How Minister of Agriculture Sabotages Bio’s Government

A US$60M project in agriculture is being whittled down by the Minister of Agriculture and Forestry, Dennis Vandy.
Documents and correspondences between the ministry and the Chief Executive Officer for Integrated Solutions Africa/Agrotop (ISA), Raphael Israel indicate that the Minister is dragging his feet towards the actualisation of the project.
The project would have benefitted 2,000 youths in Sierra Leone had Minster Vandy given it his blessings.
Vandy could not be reached for comments to get his own side.
Two project sites, Taiama and Njala in the Moyamba district, Southern Sierra Leone have been targeted for the implementation of the project.
One of the project sites, Njala community hosts Njala University, an institution reputed for its high emphasis on agriculture.
The college is blessed with the finest agricultural brains in Sierra Leone that the project developers and implementers will tap for the common good.
As the project moves at a snail pace, reminder letters have been addressed to the government by ISA/Agrotop CEO making a strong case for the implementation of the project.
One of the notable correspondences between ISA/Agrotop and government was the 24th March 2020 letter addressed to the Office of the President.
The letter was written at the time of an inevitable COVID-19 outbreak in Sierra Leone.
The document alludes to the devastating nature of Ebola Virus and places emphasis on the looming disaster of COVID-19 and calls on government to encourage investment for self-reliance in the not too-distant future.
“For Sierra Leone, a country which suffered greatly during the Ebola epidemic…the next few months ahead could affect the future of this country for many years to come. Unfortunately, Owing to the global nature of the virus, it is doubtful, there will be any international aid as each affected country is now fighting for its own survival,” the letter reads in part.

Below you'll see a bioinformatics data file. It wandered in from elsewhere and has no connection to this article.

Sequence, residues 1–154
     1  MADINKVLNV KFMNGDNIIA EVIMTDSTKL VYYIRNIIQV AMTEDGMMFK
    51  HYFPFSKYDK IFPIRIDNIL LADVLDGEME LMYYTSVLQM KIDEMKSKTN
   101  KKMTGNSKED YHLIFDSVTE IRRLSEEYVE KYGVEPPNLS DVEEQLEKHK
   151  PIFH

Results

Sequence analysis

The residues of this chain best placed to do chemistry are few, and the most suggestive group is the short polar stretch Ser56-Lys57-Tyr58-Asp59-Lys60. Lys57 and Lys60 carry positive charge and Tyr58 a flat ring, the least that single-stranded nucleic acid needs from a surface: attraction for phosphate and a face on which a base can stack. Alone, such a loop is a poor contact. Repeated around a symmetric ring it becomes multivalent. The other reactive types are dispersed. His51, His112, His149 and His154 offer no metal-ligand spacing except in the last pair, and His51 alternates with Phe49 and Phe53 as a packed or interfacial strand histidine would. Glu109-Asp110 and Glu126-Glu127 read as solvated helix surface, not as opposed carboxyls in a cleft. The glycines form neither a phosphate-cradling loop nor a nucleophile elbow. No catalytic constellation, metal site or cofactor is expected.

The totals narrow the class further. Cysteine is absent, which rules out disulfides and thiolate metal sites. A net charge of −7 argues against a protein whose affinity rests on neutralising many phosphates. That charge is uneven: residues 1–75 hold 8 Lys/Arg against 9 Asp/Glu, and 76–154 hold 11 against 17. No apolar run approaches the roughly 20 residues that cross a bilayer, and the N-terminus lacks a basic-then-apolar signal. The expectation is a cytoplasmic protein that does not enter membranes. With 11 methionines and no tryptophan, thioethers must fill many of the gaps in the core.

The letter also reminds President Bio about his promise that agriculture will be a key government intervention in a bid to attain food self-sufficiency and diversification of the economy.
“As a result of this declaration, a decision was made to continue with an Agrotop industrial poultry project,” the letter also reads.
The correspondence was preceded by meetings between ISA/Agrotop CEO and the Minister of Agriculture in the presence of his two deputies, Dr Abu Bakarr Samking and Samking Braima.
In one of those meetings, Mr Israel said, the Minister and his deputies expressed positive support for the poultry project, and assured the CEO that his ministry would continue with the preparation of necessary documents required to present the project to cabinet.
Apart from several meetings the ISA CEO said he held with the Deputy Ministers, he had also held discussions them on the need to expedite the project for the interest of Sierra Leoneans.
Their response about signing the document for presentation to cabinet is always negative.
“During our conversation with the Deputy Ministers of Agriculture, they repeatedly told me they had not been given authorisation by the Minister to finalise and sign the paper for cabinet,” Mr Israel said.
Documents laid hands on by nightwatch indicate no reason for a protracted delay for the implementation of the project by the Minister.
Moreover, the delay, according to Mr Israel has caused the lender, the Financial Institute of Israel to become increasingly concerned over the lack of information from the Ministries of Agriculture and Finance.
To date, the ISA/Agrotop CEO is yet to meet with the Minister of Agriculture and forestry for fruitful discussions.
“I have been frequently told that he is too busy to meet with me,” Mr Israel said.
In spite of the prolonged delay, Mr Israel is quite certain that the cabinet paper has been signed and authorised by the Minister.
However, Mr Israel is highly suspicious that the Minister is unwilling to present the paper to cabinet for reason known only to him.
“The project cannot go ahead without cabinet approval,” he emphasised.
The poultry farm project is delayed at a time the country needs the highest number of investors to reduce joblessness and poverty in Sierra Leone.

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